CURRENT EXHIBITIONS

MUSEUM HOURS/TICKETS Exhibition History


From Kandinsky to Pollock. The Art of the Guggenheim Collections
19 March 24 July 2016
Curated by Luca Massimo Barbero

Palazzo Strozzi, Florence



This major exhibition brings to Florence over one hundred works, many of them masterpieces, of European and American art from the 1920s to the 1960s, in a narrative that turns on the relationship and the ties across two sides of the Atlantic through two leading American collectors, Peggy and Solomon Guggenheim. The exhibition – a joint project of the Fondazione Palazzo Strozzi, Florence, and the Solomon R. Guggenheim Foundation, New York – will offer a unique opportunity to compare and contrast the work of European masters of Modernism such as Marcel Duchamp, Max Ernst and Paul Klee, as well as European masters of Art Informel such as Alberto Burri, Emilio Vedova, Jean Dubuffet, and Lucio Fontana, with paintings and sculptures by personalities of the American scene in the 1950s and 1960s such as Jackson Pollock, Mark Rothko, Willem de Kooning, Alexander Calder, Roy Lichtenstein and Cy Twombly.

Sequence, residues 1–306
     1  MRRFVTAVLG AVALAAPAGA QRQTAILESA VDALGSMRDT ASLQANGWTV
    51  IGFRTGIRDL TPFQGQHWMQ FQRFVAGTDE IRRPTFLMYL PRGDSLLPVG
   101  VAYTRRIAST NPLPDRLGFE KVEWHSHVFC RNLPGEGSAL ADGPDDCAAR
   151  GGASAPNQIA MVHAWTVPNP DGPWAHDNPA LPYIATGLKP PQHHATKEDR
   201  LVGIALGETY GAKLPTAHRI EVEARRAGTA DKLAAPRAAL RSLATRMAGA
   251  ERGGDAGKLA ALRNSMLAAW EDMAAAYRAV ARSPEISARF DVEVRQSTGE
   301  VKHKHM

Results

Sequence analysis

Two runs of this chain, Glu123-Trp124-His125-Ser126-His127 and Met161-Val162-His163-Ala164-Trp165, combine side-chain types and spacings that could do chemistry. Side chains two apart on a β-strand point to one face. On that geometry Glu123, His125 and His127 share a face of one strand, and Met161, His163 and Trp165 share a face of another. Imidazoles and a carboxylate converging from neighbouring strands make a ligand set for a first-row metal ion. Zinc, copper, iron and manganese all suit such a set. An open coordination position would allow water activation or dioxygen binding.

Imagine. New Imagery in Italian Art 1960-1969
23 April 19 September 2016
Curated by Luca Massimo Barbero




Pendant to the exhibition of 2014 dedicated to Azimut/H, which investigated the monochrome and the ‘zeroing’ of the sign that defined the Milanese avant-garde atmosphere during the late 1950s and early 1960s, Imagine. New Imagery in Italian Art 1960-1969 sets out to present for the first time an ideal mapping of artistic research in Italy in the 1960s that deployed new ideas of figuration and of the image. The exhibition presents works by artists such as Franco Angeli, Mario Ceroli, Domenico Gnoli, Giosetta Fioroni, Tano Festa, Fabio Mauri, Francesco lo Savio, Michelangelo Pistoletto, Mario Schifano, Giulio Paolini, Jannis Kounellis, and Pino Pascali. They were the originators of a unique vein of creativity in Italian art of the period, of which this exhibition offers examples, trends, insights and peculiarities. It also sheds light on the bond and continuity between tradition and contemporaneity defining this generation of artists, which was central to Italy’s involvement in the international avant-garde of the time. Imagine. New Imagery in Italian Art 1960-1969 will be accompanied by an extensive publication that will contextualize such artistic research, establishing the autonomy of its maturation and evolution with respect to American Pop art.
EXHIBITION PAGE




credits: Hangar Design Group